Arcade Volleyball

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					Arcade Volleyball
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Arcade Volleyball is volleyball game originally written by Rhett Anderson. The
                                                                                                     Arcade Volleyball
game features teams of one or two players (depending on the platform)
shaped like balls with legs who hit the volleyball with their heads. The game is      Developer(s)      COMPUTE! Publications,
                                                                                                        Inc.
played from a side-view perspective, and the ball can be bounced off of the
walls and ceiling without penalty. Scoring is based on the original volleyball        Publisher(s)      COMPUTE! Publications,
scoring rules, where only the serving team can score on each volley, and 15                             Inc.

points are required to win the game. The same head is permitted to hit the ball       Platform(s)       Commodore 64, Amiga
multiple times, but the team may only hit the ball three times while the ball is      Release date(s) 1988 (Commodore 64)
on their side.                                                                                        1989 (Amiga, DOS)
                                                                                      Genre(s)          Sports
         Contents
                                                                                      Mode(s)           Single player
 1 Commodore 64 version
                                                                                                        Multiplayer
 2 Amiga version
 3 DOS version
 4 References
 5 External links


Commodore 64 version
Arcade Volleyball was originally published as a hexadecimal type-in program
for MLX in the June 1988 edition of COMPUTE!'s Gazette. The article was
written by Rhett Anderson and David Hensley, Jr., who had also published a
similar game called Basketball Sam & Ed in the July 1987 issue. The game
featured two heads per team, controlled by a single player, which moved and
jumped together. It was not necessary to win the game by 2 points; when
either side reached 15 points, the game would pause and ask if the user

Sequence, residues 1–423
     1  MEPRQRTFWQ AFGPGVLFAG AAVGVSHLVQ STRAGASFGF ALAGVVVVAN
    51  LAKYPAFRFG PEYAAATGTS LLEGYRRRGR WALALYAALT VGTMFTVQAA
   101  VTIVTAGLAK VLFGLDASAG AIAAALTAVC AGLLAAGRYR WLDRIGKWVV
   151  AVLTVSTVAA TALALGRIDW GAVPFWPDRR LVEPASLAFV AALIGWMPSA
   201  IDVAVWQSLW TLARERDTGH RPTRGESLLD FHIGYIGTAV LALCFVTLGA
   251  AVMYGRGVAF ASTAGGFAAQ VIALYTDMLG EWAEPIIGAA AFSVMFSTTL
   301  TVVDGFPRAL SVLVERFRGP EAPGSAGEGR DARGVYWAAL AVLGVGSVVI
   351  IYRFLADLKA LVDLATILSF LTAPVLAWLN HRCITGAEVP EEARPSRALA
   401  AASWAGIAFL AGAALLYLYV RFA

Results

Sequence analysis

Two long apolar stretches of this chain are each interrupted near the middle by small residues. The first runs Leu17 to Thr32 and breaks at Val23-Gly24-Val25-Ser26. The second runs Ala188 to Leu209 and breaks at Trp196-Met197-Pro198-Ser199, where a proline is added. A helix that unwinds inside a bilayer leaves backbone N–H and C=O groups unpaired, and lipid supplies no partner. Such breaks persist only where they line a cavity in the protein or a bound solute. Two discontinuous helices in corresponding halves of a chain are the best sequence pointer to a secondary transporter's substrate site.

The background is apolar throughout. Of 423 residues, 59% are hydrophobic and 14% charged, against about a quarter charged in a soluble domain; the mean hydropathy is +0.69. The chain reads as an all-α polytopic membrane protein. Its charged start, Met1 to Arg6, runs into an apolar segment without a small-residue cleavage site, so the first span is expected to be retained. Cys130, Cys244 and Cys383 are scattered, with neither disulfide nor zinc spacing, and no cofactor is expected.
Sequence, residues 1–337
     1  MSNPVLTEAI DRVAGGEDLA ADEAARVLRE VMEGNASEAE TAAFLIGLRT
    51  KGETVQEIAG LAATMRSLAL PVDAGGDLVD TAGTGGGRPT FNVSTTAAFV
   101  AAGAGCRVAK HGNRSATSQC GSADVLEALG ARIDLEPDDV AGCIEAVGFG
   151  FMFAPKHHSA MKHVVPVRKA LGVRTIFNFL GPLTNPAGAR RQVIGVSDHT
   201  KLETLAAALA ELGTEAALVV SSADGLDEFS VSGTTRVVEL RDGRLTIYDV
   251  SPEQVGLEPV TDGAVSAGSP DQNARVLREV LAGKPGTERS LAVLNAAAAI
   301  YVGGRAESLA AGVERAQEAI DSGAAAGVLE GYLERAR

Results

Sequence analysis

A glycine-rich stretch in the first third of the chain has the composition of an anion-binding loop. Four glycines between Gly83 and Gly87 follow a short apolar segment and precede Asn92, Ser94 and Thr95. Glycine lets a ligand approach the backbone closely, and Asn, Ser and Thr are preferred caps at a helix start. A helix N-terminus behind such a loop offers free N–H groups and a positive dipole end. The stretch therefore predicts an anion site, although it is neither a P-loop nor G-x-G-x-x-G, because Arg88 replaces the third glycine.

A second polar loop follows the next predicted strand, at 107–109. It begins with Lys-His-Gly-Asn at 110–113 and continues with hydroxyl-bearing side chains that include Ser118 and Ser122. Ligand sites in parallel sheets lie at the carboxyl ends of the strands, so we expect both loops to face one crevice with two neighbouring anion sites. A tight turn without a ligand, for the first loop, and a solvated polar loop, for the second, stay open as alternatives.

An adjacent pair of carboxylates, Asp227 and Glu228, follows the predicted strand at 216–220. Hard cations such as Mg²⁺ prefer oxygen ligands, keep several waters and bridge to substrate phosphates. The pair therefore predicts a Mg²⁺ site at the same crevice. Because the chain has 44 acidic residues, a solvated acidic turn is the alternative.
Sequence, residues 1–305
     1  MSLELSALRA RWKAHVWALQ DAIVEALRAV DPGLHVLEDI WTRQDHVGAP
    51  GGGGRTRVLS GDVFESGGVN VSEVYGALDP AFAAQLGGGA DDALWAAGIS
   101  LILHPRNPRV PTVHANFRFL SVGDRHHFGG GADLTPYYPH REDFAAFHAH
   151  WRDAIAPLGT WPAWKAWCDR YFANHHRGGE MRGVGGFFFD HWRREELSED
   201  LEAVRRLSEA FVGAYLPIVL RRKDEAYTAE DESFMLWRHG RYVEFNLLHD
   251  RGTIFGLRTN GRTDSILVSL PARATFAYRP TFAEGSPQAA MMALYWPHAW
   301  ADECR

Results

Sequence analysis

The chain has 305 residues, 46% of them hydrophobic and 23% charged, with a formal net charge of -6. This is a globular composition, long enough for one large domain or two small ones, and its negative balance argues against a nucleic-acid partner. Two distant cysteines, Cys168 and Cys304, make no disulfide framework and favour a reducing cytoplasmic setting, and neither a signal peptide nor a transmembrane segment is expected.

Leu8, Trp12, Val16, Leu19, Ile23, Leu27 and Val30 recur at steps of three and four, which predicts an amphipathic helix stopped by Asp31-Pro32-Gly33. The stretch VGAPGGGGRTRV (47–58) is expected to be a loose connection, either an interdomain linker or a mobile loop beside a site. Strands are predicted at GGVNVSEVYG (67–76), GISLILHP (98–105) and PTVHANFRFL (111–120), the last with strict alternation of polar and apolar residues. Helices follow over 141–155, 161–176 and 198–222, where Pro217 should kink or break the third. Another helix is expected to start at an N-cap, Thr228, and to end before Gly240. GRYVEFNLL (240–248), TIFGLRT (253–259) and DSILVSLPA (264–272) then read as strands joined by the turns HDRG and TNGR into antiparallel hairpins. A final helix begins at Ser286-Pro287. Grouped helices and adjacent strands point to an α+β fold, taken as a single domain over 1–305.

wanted to play again.
By default the game was played between two human players, but it was
possible to modify the game so that one player could play against the
computer by typing "POKE 2065,1" to type the number 1 into the memory
                                                                                            Arcade Volleyball for Commodore 64
address that controlled the number of players. The authors referred to this as
an optional practice mode or warm up mode and warned that the computer
opponent was not very challenging. [1] The game was inspired by Pong (actually, the two-paddle "Hockey" variant of Pong)
and programmed by Rhett Anderson.
Arcade Volleyball was later sold in a 12-game collection called Best Gazette Games, promoted as the "best dozen arcade
and strategy games ever published in Gazette all on one disk." [2]

Amiga version
Rhett Anderson and Randy Thompson wrote an Amiga version of Arcade
Volleyball from scratch. It was included as an executable program, with source
code, on the cover disk of the Fall 1989 edition of Compute!'s Amiga
Resource. The Amiga version differs from the Commodore 64 version by only
having one player per team (a green head versus a red head), requires a 2
point margin of victory, it is no longer possible for the ball to go under the net,
and playing against the computer is a standard option.
DOS version
The Amiga version was ported to DOS and sold in a 9-game collection called
COMPUTE!'s Best PC Games.[3] Due to the popularity of the PC, and the
game's availability on BBSes and shareware disks, this may be the best                        Arcade Volleyball for Amiga
known version. The DOS version was compiled with Borland Turbo C and has
the same physics and gameplay as the Amiga version, but has inferior
graphics and sound. It differs from the Amiga version by using 4-color CGA
graphics and PC speaker sound, and represents scores less than 10 as a
single digit. [4]

References
    1.   ^   COMPUTE!'s Gazette #60 (June 1988), page 33
    2.   ^   COMPUTE! #142 (July 1992), page G-13
    3.   ^   COMPUTE! #115 (December 1989), page 56
    4.   ^   http://www.classicdosgames.org/game/Arcade_Volleyball.html                   Arcade Volleyball for DOS gameplay.
    Amiga Power #30 (October 1993), page 102

External links
    Gamebase 64 entry          on the Commodore 64 game
    Arcade Volleyball        at MobyGames
    Some notes about the DOS game and a download, playable online
    GPL Arcade Volleyball        , a remake of the DOS game for multiple operating systems, themable and network multiplayer


via Arcade Volleyball

				
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posted:9/20/2012
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